- HMO (Health Maintenance Organization) is the most popular health coverage option. Your employees are assigned a Primary Care Physician to coordinate medical care to keep out-of-pocket costs low. Often, they can go to any specialist that’s in-network without a referral
- POS (Point of Service) plans benefit employers who are looking for greater provider flexibility but need the cost savings of managed care. In this plan, employees can choose an in-network primary care physician (PCP) and receive full benefits. Often, they can also seek care outside the network without a referral, but must pay more for out-of-pocket expenses.
- PPO (Preferred Provider Organization) plans offer employees the greatest freedom of choice by providing in-network and out-of-network options. Employees can choose to see network providers and pay less by seeing in-network providers or visit those out-of network and pay more.
Interested in looking at plans? Check out Priority Health’s small business offerings.
Should I consider a high-deductible health plan for my small business?
High-deductible health plans (HDHPs) paired with an employee health savings account (HSA) are a popular option among small businesses. They offer the same access to care but put the employee in control of their spending. Each employee has the option of opening an HSA, which is a tax-free federally protected bank account used to pay for 100% of their medical and prescription expenses until they meet their deductible. Younger, healthier employees may prefer these plans because, while the deductible is higher, the premium is generally lower. That means the employee isn’t paying a high monthly premium if they rarely see a doctor or need health care services. Priority Health offers several popular HDHPs to accommodate the budgets of both employees and small business employers.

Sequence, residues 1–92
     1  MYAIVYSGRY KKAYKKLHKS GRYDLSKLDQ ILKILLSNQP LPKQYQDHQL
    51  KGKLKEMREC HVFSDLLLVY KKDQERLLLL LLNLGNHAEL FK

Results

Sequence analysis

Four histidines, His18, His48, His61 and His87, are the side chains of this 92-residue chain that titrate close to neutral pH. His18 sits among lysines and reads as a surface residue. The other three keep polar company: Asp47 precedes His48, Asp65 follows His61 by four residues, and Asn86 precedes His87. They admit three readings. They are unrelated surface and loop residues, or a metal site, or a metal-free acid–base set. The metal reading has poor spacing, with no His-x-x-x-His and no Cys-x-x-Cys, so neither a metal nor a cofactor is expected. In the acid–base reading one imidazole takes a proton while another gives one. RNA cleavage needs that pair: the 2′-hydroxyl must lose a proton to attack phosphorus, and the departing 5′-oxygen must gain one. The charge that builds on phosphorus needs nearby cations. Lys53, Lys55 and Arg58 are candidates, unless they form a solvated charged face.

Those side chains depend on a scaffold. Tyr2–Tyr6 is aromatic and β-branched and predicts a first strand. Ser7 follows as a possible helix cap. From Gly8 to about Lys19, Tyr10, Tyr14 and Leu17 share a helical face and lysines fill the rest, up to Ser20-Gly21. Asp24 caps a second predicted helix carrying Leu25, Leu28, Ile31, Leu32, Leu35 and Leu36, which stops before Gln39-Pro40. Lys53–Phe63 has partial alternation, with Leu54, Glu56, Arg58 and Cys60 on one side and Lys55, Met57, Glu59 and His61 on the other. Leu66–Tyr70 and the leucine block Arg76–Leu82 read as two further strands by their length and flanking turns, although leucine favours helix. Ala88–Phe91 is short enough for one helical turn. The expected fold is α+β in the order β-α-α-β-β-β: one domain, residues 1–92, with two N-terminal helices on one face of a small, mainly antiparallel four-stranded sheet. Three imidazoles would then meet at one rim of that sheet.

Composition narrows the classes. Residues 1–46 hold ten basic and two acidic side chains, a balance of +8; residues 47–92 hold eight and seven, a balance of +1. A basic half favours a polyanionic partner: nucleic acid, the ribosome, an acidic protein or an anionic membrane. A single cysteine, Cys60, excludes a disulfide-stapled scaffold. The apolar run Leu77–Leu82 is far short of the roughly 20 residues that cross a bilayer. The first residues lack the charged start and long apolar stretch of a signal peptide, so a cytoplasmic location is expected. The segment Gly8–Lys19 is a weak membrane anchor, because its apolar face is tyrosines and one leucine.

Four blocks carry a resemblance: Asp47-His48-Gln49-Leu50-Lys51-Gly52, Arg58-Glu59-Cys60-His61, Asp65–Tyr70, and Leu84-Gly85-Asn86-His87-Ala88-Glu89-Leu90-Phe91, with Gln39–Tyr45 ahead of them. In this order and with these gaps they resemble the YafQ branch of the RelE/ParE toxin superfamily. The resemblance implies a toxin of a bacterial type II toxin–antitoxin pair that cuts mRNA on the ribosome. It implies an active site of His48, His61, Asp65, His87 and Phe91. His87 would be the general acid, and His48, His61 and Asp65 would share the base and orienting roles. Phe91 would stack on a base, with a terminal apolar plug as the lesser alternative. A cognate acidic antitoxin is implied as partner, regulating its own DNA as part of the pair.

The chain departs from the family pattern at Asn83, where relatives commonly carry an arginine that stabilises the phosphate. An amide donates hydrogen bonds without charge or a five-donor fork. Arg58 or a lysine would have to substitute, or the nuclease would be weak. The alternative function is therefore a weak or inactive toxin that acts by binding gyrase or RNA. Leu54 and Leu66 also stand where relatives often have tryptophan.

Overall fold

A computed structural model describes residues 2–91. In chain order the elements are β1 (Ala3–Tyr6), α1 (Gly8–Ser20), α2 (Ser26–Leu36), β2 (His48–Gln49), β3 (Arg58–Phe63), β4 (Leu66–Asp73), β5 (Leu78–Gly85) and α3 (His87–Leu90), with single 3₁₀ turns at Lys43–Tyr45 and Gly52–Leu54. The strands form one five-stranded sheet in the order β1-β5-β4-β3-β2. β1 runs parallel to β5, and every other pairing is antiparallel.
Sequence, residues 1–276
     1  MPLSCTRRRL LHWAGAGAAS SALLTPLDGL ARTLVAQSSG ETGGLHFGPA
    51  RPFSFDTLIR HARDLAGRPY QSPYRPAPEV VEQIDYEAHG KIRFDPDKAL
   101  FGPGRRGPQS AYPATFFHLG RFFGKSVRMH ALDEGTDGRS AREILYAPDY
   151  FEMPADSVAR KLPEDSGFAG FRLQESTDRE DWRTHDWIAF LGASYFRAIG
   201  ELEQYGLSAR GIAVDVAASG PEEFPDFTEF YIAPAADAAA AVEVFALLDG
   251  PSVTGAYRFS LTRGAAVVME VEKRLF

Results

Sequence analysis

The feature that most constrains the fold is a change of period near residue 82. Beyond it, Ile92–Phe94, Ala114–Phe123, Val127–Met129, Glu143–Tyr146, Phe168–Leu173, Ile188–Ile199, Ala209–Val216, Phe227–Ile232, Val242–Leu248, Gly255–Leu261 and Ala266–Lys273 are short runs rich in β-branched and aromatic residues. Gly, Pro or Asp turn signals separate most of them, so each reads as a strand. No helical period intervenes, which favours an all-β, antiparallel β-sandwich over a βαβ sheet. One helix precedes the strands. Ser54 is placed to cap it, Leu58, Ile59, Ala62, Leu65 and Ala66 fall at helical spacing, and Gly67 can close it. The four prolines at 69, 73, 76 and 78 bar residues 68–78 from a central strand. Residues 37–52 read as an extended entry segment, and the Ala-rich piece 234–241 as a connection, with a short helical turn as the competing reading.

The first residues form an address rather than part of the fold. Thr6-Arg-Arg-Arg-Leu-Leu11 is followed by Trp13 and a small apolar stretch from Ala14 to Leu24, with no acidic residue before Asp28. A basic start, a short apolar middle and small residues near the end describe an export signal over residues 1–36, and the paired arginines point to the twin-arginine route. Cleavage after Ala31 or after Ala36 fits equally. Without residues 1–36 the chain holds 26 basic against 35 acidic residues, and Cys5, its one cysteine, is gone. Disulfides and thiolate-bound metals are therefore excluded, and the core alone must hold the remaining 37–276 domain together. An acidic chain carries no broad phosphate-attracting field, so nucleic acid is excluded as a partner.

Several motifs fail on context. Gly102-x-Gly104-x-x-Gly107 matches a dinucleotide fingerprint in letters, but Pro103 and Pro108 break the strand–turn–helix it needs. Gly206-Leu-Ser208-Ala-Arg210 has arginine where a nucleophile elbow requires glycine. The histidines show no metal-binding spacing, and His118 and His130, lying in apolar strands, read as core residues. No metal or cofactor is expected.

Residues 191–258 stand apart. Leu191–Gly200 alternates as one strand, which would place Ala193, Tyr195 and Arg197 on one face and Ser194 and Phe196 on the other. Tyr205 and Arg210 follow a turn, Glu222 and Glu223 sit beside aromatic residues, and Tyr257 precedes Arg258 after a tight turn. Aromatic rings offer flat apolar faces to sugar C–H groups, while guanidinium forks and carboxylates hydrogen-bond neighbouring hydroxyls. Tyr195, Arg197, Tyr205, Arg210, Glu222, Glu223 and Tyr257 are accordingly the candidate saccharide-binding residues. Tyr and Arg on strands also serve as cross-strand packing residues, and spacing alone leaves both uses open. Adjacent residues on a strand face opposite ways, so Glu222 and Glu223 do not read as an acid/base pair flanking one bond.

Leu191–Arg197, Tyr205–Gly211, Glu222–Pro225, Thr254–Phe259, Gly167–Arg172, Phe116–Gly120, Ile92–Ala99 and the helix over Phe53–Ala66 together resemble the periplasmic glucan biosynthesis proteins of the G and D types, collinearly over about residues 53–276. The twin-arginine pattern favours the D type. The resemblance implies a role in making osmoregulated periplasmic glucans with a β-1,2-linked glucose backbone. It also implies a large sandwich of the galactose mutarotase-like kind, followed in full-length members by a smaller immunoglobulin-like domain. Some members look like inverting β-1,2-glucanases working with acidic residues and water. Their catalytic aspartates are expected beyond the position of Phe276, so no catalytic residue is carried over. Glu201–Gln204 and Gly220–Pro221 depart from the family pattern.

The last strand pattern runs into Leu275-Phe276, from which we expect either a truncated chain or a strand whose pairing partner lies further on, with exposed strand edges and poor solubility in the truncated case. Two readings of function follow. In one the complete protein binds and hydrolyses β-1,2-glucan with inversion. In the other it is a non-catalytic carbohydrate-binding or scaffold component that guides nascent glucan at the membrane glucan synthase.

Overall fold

Is there optional coverage I can offer my small business?
It’s a competitive market and attracting and retaining top talent requires more than just health insurance. Including integrated prescription drug, dental, vision and wellness coverage are just some of the ways you can address employee appetite for additional health and wellbeing benefits. Research shows offering this additional coverage is beneficial to both employers and employees. Integrated benefits provide a more effective, efficient patient experience for your employees, improve their health and lower costs.
How do I know I’m getting the best value from my small business health plan?
Health insurance companies like to offer added value to the richness of a plan, and they do so in several ways. However, the best way to know you’re getting the greatest value is ensuring you’re partnering with a plan that keeps both your budget and your employees in mind. Priority Health, for example, boasts additional cost-saving services and solutions offered to add value to every plan offered—including price transparency tools such as Cost Estimator, chronic condition coverage, free allergy testing and treatment, virtual care options and more.
So now that you’ve done some learning about why insurance matters for your small business—start with an agent and be sure you’re getting the most of your new health insurance plan.